But enough about shitbirds...I will leave you with my greatest geri birding accomplishment to date. The hands-down highlight of geri birding here in the last couple of years came in June, and I can safely say it had nothing to do with all of the plants we've planted, or the feeders, or really anything else going on in the yard. I had been out grocery shopping and was bringing bags of groceries in...without binoculars, of course...when I glanced up at the power lines behind the house. There sat a passerine facing me with a black head, white throat and white breast. For an instant I thought it was odd that a Tree Swallow was sitting there, that isn't normal, but then I saw the Mourning Dove next to it and realized the bird was much bigger than a Tree Swallow, and there was only one thing it could possibly be...a VAGUE RUNT EASTERN KINGBIRD!!! Almost as soon as this dawned on me, the kingbird took flight, flew overhead and disappeared far to the west...I assumed it would never be seen again.

I was astounded. Not only is Eastern Kingbird a very good rarity in the state, it was particularly good for Santa Clara County, where no one had seen one in many years. And this bird was sitting above my yard!

Miraculously, Billy refound the bird later in the day while looking out Annabelle's window, foraging from the neighbor's pepper tree. I got some acceptable photos and a few local birders were able to see it from a nearby public path. Pretty sick that one of my best self found county vagues came in my own yard...a geri birder's dream come true! For one day, I got to live my best geri birding life.

So there you have it, the comprehensive geri birding update from Rancho de Bastardos. The yard list currently stands at 138 species after being here for less than two and a half years, with the most recent additions being an "overdue" Bullock's Oriole and a true gift from the geri birding gods in the form of a flock of Western Sandpipers. May the lords of geri birding continue to smile upon me, and you.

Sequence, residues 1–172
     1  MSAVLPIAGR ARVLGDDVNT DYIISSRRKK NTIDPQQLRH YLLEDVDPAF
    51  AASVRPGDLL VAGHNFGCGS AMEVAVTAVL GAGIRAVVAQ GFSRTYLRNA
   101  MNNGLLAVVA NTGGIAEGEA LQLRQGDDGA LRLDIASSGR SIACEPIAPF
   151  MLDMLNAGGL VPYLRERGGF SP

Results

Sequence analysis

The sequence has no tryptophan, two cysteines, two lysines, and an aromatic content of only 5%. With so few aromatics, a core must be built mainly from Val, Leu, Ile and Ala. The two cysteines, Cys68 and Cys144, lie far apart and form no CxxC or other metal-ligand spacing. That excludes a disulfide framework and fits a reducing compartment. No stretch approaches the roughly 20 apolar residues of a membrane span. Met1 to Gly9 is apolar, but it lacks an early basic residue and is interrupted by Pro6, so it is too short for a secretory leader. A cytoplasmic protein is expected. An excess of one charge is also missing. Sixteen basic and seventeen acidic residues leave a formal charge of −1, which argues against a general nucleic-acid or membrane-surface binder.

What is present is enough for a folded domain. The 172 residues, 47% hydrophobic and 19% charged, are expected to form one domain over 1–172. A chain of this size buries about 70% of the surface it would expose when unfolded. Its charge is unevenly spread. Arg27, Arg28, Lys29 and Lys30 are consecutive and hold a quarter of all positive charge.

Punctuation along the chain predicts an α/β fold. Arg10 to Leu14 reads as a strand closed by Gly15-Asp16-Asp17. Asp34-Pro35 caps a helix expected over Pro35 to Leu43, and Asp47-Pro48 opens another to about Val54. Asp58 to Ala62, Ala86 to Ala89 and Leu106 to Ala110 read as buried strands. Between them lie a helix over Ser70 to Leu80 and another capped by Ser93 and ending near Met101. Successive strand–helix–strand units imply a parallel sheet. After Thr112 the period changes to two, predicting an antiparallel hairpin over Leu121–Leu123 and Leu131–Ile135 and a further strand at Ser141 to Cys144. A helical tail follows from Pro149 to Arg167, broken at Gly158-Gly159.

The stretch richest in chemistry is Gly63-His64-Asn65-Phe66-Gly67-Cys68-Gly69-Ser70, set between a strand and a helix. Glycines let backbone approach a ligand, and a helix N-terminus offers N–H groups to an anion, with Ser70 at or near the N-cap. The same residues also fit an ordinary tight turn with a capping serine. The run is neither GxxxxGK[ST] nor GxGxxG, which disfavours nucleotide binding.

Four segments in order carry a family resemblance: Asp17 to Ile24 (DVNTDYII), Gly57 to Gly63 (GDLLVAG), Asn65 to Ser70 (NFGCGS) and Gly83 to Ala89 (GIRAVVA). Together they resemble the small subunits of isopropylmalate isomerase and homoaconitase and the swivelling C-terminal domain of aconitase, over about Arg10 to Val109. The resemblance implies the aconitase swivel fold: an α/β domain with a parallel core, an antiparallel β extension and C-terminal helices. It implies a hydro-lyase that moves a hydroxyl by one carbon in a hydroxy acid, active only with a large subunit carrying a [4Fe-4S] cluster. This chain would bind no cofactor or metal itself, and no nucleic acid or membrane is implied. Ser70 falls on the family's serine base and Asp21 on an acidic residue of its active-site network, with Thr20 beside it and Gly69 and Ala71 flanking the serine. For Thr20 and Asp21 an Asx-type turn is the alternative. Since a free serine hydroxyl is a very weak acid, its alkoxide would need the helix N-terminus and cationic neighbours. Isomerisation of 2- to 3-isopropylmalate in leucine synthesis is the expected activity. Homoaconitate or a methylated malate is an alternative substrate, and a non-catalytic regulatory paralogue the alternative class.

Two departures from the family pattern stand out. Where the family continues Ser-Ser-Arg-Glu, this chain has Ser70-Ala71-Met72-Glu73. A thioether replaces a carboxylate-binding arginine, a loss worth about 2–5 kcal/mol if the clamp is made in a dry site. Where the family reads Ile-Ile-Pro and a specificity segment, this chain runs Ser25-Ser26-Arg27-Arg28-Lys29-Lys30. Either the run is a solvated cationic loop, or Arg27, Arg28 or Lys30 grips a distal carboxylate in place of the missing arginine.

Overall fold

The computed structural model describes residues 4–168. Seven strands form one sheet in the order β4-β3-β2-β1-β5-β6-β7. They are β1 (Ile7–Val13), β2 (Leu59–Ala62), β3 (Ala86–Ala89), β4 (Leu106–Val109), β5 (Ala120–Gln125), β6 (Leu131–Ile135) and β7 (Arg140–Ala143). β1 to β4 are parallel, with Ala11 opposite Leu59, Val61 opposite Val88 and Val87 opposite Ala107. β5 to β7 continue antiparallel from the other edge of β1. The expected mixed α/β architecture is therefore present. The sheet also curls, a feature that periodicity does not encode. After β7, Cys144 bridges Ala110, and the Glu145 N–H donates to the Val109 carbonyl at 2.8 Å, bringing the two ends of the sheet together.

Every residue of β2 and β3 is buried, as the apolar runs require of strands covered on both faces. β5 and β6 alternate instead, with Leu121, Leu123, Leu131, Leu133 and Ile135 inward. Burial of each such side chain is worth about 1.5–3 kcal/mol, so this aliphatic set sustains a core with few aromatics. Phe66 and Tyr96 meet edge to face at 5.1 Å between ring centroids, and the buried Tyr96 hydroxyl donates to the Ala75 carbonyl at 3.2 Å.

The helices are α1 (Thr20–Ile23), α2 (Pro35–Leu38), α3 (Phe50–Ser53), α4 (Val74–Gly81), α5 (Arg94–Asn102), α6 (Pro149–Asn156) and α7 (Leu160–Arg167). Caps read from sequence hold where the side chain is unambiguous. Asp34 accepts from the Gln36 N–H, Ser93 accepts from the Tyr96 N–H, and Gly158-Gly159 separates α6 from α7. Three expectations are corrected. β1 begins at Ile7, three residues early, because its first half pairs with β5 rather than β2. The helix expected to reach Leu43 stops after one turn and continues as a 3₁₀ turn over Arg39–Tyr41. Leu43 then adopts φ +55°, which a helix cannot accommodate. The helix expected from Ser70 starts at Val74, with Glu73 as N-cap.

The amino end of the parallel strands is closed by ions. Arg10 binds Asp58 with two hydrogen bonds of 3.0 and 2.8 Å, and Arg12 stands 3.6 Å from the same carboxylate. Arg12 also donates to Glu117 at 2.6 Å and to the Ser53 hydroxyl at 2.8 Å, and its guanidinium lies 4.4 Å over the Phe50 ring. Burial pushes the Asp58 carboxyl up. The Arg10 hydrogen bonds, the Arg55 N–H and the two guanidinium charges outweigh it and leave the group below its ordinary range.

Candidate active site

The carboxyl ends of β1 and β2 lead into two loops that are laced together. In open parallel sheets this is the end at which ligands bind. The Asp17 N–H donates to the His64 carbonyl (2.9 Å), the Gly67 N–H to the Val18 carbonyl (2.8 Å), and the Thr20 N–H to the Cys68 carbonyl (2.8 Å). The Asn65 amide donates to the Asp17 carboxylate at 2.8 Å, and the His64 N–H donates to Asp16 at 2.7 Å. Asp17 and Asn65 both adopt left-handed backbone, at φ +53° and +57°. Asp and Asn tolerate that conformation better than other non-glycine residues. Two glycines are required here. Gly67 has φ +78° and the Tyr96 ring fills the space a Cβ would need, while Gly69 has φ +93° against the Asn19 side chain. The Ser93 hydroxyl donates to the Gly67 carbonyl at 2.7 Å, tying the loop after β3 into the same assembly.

1. Water really brings 'em in. Best migrant visitors in Nipomo at ground basins have been Lazuli Bunting and Yellow breasted Chat. Most seed mixes are based on GMO corn, so I've stopped feeding it. Geri-gardening with natives for pollinators has paid off, though. And a clean tuna can filled with grape jelly hung on a twisted coat hanger works a charm for orioles. Geri birding at its best.

    1. Chat in birdbath is excellent. I haven't even seen one in my current county yet. Had a couple flyover Lazulis above the yard at least.

      I imagine finding an organic mix would be not only very hard, but also crazily expensive :/

  2. so I guess I'm a big time geri birder, at least when it comes to my backyard fountain, which is definitely in the vague-producing category. Here's one of my recent blog posts about it:

    1. Damn Steve those are some excellent results! Well done. Where did you get the prefab pond liner from?

  3. How about a diamond dove for your escapee? Tiny, blue and fairly common in aviculture.

    1. I have looked into that - the bird I saw had a very short tail, which a diamond dove would only have if it was heavily molting or damaged by cagewear. Still an utterly baffling bird.